Home Office plans to deport migrants who are forced to sleep rough have been foiled by a legal challenge, campaigners have claimed.
The Westminster government changed immigration rules in December 2020 enabling the cancellation of permission to stay in the UK on the grounds a non-UK national was sleeping rough in the UK. The Home Office said at the time the rule was a “last resort”.
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Refugee and Migrant Forum of Essex and London (Ramfel) and Public Interest Law Centre (Pilc) launched a legal challenge in response. Now the campaigners have insisted their intervention has seen the rule “watered down” to such a degree that it is yet to be used after more than two years of being in force.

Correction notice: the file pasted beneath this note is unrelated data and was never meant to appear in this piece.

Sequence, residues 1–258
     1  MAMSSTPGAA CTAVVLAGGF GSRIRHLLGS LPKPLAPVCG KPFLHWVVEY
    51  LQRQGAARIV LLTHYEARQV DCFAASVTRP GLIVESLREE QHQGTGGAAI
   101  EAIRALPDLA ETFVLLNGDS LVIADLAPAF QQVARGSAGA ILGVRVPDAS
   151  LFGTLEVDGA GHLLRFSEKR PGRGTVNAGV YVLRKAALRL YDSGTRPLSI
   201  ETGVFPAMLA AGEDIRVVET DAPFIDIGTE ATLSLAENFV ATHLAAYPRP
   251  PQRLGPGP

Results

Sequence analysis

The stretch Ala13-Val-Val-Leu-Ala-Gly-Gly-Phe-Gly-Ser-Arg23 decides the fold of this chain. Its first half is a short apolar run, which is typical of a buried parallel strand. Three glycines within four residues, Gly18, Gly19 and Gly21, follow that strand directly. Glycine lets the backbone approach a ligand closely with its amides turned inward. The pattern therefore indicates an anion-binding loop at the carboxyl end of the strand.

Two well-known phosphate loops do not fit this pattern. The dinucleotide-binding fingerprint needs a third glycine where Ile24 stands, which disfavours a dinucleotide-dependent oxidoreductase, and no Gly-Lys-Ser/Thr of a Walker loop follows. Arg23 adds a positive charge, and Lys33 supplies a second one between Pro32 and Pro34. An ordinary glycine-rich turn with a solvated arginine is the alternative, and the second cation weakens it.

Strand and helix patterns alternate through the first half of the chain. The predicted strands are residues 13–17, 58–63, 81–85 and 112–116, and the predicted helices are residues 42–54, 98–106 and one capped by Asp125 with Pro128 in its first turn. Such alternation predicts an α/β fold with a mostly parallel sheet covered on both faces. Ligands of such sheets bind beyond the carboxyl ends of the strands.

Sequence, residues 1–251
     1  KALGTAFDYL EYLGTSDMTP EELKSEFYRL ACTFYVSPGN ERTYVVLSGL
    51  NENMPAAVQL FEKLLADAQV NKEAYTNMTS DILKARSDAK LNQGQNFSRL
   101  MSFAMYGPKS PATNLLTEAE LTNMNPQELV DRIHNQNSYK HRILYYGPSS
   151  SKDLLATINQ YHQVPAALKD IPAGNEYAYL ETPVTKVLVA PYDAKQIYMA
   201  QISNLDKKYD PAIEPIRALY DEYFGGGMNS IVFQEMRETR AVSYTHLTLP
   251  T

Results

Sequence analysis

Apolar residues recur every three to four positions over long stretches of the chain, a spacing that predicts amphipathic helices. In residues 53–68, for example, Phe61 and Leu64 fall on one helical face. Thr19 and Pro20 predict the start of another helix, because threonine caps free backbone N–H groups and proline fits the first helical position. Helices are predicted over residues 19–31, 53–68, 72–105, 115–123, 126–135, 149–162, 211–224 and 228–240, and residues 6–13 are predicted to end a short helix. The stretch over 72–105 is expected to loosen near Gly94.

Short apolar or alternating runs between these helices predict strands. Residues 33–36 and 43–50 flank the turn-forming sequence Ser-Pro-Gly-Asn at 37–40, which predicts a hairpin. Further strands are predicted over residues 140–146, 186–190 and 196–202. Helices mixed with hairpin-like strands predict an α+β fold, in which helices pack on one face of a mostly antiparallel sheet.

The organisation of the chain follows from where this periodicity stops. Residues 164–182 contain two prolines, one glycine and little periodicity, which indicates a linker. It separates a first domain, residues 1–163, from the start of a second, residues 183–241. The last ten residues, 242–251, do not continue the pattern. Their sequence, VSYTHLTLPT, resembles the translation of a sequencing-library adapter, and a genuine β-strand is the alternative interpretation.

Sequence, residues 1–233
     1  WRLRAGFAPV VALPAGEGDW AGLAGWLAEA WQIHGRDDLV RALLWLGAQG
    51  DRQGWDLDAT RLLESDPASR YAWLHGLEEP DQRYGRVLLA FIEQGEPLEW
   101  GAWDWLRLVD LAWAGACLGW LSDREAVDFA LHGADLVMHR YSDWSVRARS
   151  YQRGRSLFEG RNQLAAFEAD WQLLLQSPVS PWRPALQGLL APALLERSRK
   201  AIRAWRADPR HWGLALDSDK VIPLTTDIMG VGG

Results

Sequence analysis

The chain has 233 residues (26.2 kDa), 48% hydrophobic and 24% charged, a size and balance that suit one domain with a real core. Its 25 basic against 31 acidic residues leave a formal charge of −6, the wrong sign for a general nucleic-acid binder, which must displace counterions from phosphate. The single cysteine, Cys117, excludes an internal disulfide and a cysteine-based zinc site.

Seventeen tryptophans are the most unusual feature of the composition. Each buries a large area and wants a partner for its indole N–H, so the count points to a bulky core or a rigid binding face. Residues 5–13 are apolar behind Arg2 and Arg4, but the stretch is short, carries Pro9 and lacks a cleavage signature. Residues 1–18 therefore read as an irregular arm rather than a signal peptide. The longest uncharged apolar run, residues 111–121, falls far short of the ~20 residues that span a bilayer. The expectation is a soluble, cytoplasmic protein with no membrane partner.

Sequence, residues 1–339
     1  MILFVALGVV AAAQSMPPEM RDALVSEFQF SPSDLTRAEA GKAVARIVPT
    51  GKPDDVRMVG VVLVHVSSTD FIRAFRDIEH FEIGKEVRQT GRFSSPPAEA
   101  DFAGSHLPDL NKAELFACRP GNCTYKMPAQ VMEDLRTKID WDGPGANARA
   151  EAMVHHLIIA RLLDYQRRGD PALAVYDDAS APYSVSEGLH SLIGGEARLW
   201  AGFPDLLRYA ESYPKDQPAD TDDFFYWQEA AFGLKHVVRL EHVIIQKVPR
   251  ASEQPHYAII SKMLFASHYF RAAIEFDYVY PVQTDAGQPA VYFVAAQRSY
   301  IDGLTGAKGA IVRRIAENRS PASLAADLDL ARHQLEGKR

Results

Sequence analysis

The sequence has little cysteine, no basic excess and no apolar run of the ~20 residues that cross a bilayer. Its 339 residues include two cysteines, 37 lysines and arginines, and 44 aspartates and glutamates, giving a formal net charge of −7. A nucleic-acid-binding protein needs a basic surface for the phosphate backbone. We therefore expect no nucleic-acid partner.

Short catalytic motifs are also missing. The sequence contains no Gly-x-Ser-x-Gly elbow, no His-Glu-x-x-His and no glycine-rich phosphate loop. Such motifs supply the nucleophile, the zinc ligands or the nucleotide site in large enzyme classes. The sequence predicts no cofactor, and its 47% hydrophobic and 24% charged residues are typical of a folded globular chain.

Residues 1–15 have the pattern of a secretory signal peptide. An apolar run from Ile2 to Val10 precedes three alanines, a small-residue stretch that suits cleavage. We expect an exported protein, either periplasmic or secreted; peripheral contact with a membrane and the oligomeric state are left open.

Nick Beales, head of campaigning at Ramfel, said: “The government’s plan to cancel people’s leave to remain in the UK for the crime of falling on hard times and rough sleeping was always cruel, but also patently self-defeating.
“If people who are rough sleeping know that engaging with the authorities risks enforcement action and potential separation from loved ones, it strongly disincentivises them from seeking help. The government though ignored warnings to this effect and instead dogmatically pressed ahead.